labour aristocracy

Louis Proyect lnp3 at
Mon Feb 3 09:48:31 MST 2003

michael pearn wrote:
> In other words there is more capital invested in the
> imperialist countries and a greater rate of
> exploitation and profit follows from that fact.
> capital investment, underinvestment in fact, is the
> prevailing social reality in much of the former
> colonial world and a low rate of profit is the result.

This is the argument we used to hear all the time from James Heartfield
of Spiked-online, back when he had pretensions to Marxism. What does it
mean to say that an American auto worker making $35 per hour produces
more surplus value proportionately than a banana plantation worker in
Honduras? That he or she is more "exploited". In the technical sense,
that is true but it largely ignores the overall material conditions that
hinge on a workers consciousness. There other important factors that are
involved that do not flow from the point of production. For example,
what are the conditions of life that a Detroit auto worker lives in? I
hate to sound like a member of the Maoist International Movement, but it
is very unlikely that an AFL-CIO member making $50,000 per year will
reach socialist conclusions based simply on a formula wrested out of
context from V. 1 of Capital. Let's remind ourselves about the
conditions of the working class in the time of Marx and Engels:

"The south bank of the Irk is here very steep and between 15 and 30,
feet high. On this declivitous hillside there are planted three rows of
houses, of which the lowest rise directly out of the river, while the
front walls of the highest stand on the crest of the hill in Long
Millgate. Among them are mills on the river, in short, the method of
construction is as crowded and disorderly here as in the lower part of
Long Millgate. Right and left a multitude of covered passages lead from
the main street into numerous courts, and he who turns in thither gets
into a filth and disgusting grime, the equal of which is not to be
found--especially in the courts which lead down to the Irk, and which
contain unqualifiedly the most horrible dwellings which I have yet
beheld. In one of these courts there stands directly at the entrance, at
the end of the covered passage, a privy without a door so dirty that the
inhabitants can pass into and out of the court only by passing through
foul pools of stagnant urine and excrement. This is the first court on
the Irk above Ducie Bridge--in case anyone should care to look into it.
Below it on the river are several tanneries which fill the whole
neighborhood with the stench of animal putrefaction. Below Ducie Bridge
the only entrance to most of the houses is by means of narrow, dirty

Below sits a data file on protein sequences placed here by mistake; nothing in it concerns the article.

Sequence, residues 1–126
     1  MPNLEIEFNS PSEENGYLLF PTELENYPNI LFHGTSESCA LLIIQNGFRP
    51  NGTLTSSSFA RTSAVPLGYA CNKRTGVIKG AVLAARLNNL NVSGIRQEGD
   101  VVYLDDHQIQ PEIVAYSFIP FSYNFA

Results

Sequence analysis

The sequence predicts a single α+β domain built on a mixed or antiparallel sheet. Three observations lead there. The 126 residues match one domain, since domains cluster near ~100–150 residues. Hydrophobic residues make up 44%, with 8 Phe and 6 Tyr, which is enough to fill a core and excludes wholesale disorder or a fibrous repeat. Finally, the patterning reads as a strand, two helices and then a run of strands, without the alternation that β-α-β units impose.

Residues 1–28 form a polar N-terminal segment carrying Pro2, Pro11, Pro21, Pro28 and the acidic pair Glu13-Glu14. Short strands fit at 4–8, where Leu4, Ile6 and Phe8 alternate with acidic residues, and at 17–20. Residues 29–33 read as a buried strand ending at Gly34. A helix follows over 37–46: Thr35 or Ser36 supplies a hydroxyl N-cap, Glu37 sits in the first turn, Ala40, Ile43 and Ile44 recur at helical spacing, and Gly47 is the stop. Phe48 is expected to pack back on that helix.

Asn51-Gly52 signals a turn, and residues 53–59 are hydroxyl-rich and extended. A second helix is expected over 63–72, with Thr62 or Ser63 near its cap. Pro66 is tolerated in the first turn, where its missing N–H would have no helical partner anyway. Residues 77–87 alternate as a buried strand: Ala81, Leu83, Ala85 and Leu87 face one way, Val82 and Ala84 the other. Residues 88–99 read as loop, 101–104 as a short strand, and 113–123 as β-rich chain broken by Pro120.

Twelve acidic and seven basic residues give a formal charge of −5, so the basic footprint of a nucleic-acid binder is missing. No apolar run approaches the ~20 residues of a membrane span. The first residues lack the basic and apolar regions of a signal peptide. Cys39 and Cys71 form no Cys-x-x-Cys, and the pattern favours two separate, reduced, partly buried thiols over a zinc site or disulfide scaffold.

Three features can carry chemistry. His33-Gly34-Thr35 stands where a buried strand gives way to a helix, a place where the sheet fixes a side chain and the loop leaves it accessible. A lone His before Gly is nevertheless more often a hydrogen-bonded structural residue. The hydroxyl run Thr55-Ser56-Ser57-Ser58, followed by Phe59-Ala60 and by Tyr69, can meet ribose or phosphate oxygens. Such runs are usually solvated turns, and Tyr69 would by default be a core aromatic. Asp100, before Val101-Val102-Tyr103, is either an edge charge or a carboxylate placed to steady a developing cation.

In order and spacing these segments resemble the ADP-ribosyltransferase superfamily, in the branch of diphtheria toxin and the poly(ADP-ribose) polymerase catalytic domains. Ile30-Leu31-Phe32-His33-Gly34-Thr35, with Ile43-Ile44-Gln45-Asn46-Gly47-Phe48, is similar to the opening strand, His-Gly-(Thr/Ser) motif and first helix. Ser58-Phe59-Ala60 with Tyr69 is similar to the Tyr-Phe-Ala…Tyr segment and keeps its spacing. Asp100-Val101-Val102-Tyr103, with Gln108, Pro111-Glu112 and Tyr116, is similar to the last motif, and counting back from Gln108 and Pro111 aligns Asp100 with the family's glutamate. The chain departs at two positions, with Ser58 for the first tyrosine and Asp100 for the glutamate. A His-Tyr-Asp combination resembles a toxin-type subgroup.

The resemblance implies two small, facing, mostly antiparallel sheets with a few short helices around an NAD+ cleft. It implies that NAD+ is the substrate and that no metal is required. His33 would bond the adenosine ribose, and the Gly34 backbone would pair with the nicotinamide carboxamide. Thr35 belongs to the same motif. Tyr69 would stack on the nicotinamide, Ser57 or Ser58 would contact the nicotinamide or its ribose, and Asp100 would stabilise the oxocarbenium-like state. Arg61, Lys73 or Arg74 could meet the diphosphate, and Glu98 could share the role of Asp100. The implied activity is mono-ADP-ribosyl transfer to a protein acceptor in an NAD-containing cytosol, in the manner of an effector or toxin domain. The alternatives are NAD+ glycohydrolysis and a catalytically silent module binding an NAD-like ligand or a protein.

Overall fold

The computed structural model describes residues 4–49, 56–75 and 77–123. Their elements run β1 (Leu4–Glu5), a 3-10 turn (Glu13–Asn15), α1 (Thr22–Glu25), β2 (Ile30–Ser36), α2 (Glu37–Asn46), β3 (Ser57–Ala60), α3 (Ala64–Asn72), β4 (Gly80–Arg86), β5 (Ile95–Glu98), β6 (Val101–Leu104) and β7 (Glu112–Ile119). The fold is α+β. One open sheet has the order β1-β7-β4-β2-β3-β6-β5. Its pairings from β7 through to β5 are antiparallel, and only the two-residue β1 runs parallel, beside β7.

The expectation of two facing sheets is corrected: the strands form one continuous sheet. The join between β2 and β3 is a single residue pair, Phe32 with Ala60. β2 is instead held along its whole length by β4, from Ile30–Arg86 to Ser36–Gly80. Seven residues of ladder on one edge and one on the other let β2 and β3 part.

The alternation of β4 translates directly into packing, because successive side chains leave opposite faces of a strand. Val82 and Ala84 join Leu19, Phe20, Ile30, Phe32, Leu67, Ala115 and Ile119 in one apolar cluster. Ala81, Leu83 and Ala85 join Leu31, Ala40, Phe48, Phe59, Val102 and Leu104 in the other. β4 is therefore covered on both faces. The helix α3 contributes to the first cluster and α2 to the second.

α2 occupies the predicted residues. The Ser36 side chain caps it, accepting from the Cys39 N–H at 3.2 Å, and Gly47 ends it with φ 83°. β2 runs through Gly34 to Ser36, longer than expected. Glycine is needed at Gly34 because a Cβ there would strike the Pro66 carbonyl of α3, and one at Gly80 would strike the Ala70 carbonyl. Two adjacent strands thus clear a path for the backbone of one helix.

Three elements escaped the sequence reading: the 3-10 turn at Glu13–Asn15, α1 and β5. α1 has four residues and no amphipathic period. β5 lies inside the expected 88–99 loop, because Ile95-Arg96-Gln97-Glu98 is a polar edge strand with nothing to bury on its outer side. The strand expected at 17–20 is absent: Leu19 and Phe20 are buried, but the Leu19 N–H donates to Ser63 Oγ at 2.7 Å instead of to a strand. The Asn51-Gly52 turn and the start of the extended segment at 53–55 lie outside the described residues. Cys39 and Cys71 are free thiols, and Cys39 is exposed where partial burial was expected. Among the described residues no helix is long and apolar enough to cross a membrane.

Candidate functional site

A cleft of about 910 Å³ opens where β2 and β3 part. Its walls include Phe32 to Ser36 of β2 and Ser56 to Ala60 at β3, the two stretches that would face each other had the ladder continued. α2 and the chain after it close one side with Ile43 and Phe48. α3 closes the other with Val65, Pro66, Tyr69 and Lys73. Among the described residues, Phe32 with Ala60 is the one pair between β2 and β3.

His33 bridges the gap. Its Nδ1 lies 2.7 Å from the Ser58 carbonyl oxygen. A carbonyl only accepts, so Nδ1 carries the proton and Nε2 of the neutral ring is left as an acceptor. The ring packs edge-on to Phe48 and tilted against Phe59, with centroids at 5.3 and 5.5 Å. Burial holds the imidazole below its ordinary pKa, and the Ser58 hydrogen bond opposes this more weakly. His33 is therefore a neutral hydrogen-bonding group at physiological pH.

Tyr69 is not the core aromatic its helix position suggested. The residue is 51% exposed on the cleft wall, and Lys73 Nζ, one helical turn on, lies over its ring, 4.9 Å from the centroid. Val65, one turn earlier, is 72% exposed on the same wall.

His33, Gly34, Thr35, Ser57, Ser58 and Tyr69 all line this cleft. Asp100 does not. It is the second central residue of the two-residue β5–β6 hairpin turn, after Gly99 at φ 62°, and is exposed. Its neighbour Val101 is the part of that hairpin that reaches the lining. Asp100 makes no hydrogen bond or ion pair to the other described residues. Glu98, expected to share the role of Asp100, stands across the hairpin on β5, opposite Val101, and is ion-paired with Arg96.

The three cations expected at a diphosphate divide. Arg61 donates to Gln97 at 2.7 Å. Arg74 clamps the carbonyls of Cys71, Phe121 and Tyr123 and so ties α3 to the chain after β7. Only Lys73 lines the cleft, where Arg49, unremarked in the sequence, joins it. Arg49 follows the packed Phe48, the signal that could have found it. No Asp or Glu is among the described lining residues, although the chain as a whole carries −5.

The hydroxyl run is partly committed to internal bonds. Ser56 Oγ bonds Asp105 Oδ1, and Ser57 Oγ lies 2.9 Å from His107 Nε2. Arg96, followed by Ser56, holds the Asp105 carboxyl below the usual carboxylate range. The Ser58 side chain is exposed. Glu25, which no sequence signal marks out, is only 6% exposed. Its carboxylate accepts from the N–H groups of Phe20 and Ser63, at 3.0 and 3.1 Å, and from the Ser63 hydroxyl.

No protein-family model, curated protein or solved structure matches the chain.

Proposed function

stairs and over heaps of refuse and filth. The first court below Ducie
Bridge, known as Allen's Court, was in such a state at the time of the
cholera that the sanitary police ordered it evacuated, swept, and
disinfected with chloride of lime. Dr. Kay gives a terrible description
of the state of this court at that time. Since then, it seems to have
been torn away and rebuilt; at least looking down from Ducie Bridge, the
passer-by sees several ruined walls and heaps of debris with some newer
houses. The view from this bridge, mercifully concealed from mortals of
small stature by a parapet as high as a man, is characteristic for the
whole district. At the bottom flows, or rather stagnates, the Irk, a
narrow, coal-black, foul-smelling stream, full of debris and refuse,
which it deposits on the shallower right bank. In dry weather, a long
string of the most disgusting, blackish-green, slime pools are left
standing on this bank, from the depths of which bubbles of miasmatic gas
constantly arise 40 or 50 feet above the surface of the stream. But
besides this, the stream itself is checked by every few paces by high
weirs, behind which slime and refuse accumulate and rot in thick masses.
Above the bridge are tanneries, bonemills, and gasworks, from which all
drains and refuse find their way into the Irk, which receives further
the contents of all the neighboring sewers and privies. It may be easily
imagined, therefore, what sort of residue the stream deposits. Below the
bridge you look upon the piles of debris, the refuse, filth, and offal
from the courts on the steep left bank; here each house is packed close
behind its neighbor and a piece of each is visible, all black, smoky,
crumbling, ancient, with broken panes and window- frames. The background
is furnished by old barrack-factory buildings. On the lower right bank
stands a long row of houses and mills; the second house stand so low
that the lowest floor is uninhabitable, and therefore without windows or
doors. Here the background embraces the pauper burial-ground, the
station of the Liverpool and Leeds railway, and, in the rear of this,
the Workhouse, the 'Poor-Law Bastille' of Manchester, which, like a
citadel, looks threateningly down from behind its high walls and
parapets on the hilltop, upon the working-people's quarter below."

Engels, "The Condition of the Working Class in England"


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